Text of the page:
Peter Blake: A Museum for Myself
Admission £6.50 / £5.50
Sir Peter Blake has been collecting for as long as he has been making art and the two activities have been intimately linked throughout his life and career.
This exhibition is the first time that Blake has shown his collection together with his own art. We are thrilled that, in a Museum built around a personal collection, Peter Blake has helped us develop this extraordinary and revealing exhibition to celebrate our re-opening
Blake is one the country’s most enduringly popular and important living artists. He made his name as a pioneering figure in the Pop Art movement of the 1950s and 60s and created in the Sergeant Pepper cover one of the period’s most iconic images. Through his collection and his work you can trace his lifelong engagement with popular culture, his friendships with fellow artists and musicians, but perhaps above all his sympathy for the quirky and the overlooked.
Here you will find inadvertant collages, folk art, pop ephemera, works by his artist friends, showbiz memorabilia and marching troupes of toy elephants. Among the treasures and curiosities on display will be General Tom Thumb’s boots, a hare with antlers, Max Miller’s shoes and Ian Dury’s Rhythm Stick.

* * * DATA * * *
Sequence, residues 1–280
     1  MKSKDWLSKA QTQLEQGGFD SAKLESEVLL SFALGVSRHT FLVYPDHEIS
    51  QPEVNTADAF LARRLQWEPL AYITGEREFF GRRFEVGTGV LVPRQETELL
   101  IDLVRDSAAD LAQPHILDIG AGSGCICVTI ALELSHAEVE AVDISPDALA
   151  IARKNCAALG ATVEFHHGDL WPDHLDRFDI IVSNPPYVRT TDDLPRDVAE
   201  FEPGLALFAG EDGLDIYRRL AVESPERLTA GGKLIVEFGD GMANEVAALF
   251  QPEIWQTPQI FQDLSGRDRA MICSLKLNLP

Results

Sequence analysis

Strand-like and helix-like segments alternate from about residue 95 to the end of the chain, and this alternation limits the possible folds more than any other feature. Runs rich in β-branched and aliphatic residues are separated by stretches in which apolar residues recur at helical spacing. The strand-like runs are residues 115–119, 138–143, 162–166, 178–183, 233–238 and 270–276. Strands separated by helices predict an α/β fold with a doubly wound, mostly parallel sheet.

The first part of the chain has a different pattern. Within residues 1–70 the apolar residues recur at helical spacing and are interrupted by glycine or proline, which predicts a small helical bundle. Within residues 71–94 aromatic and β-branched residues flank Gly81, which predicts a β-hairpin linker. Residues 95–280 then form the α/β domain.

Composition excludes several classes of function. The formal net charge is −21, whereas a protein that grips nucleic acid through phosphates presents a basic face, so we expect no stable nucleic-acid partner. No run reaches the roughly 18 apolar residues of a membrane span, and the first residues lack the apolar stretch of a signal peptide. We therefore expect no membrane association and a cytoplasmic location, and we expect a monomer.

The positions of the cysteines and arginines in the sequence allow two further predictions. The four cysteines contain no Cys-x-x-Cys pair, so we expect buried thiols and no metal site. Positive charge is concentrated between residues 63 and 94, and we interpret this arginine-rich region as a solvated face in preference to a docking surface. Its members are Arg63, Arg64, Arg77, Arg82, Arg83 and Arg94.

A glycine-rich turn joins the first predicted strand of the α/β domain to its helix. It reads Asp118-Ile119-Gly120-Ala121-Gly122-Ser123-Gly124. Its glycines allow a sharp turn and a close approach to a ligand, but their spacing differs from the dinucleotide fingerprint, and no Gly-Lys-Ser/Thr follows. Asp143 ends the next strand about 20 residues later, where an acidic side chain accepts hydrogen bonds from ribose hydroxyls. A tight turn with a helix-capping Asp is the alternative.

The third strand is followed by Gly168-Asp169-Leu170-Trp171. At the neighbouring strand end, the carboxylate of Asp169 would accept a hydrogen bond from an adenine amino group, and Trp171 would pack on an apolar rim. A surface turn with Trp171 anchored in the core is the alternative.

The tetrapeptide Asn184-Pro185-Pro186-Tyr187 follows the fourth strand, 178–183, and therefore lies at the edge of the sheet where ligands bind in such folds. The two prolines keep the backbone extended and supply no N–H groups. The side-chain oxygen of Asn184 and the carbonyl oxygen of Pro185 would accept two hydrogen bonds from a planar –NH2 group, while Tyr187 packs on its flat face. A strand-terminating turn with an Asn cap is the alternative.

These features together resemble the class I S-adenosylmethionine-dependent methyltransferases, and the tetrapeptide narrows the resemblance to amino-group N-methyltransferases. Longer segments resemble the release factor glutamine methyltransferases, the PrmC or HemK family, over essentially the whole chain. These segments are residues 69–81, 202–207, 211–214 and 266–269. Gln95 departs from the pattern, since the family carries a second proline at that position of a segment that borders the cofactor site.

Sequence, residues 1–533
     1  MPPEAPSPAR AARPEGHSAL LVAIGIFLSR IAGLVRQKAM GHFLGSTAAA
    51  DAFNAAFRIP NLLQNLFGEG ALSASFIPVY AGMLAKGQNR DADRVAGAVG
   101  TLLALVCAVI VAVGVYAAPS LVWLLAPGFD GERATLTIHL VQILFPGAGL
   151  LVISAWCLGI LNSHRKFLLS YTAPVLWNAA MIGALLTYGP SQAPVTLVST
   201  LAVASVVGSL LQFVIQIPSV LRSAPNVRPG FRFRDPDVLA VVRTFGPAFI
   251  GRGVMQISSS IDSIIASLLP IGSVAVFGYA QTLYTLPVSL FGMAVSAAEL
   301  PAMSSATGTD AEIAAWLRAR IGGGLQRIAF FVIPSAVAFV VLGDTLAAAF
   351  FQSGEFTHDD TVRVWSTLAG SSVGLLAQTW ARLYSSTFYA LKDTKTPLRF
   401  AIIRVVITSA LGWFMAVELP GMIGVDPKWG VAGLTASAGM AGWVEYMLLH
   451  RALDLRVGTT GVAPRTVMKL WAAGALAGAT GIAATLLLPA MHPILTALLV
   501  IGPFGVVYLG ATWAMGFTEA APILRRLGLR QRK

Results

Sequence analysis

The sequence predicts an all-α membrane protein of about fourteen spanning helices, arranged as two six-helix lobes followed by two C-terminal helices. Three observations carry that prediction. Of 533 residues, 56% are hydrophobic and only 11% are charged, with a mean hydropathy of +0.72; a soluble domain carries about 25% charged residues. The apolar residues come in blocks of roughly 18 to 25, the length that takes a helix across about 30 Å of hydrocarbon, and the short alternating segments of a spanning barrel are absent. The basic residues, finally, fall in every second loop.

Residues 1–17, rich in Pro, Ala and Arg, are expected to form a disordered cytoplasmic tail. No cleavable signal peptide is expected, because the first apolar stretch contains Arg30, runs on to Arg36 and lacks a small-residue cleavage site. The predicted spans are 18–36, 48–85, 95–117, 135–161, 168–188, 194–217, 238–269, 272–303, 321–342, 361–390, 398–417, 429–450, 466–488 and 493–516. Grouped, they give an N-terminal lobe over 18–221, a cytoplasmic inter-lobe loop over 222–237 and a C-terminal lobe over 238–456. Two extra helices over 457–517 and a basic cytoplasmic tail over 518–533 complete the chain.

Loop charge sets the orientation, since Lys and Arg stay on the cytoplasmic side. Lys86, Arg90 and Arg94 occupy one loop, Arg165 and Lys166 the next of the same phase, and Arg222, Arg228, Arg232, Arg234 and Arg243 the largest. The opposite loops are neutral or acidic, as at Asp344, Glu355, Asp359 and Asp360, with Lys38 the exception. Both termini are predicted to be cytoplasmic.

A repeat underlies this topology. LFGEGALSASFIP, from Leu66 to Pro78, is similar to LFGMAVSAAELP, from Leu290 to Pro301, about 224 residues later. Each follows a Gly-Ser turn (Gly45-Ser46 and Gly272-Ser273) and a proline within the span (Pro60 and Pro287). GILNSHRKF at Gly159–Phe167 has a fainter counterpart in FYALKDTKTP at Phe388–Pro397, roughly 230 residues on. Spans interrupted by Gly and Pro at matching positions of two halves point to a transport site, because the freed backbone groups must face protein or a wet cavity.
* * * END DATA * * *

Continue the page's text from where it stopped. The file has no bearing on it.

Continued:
The exhibition will show these wonders together with important works from throughout Blake’s career including such groundbreaking early works as Locker (1958), and sculptures and collages of found objects from throughout his career including the title work A Museum for Myself (1982) Elvis Shrine (2003) and his series of Museums of Black and White.
The exhibition is accompanied by a beautifully illustrated book containing a unique photographic record of Blake’s studio and collection designed by Fuel and featuring an interview with Peter Blake by Alexander Sturgis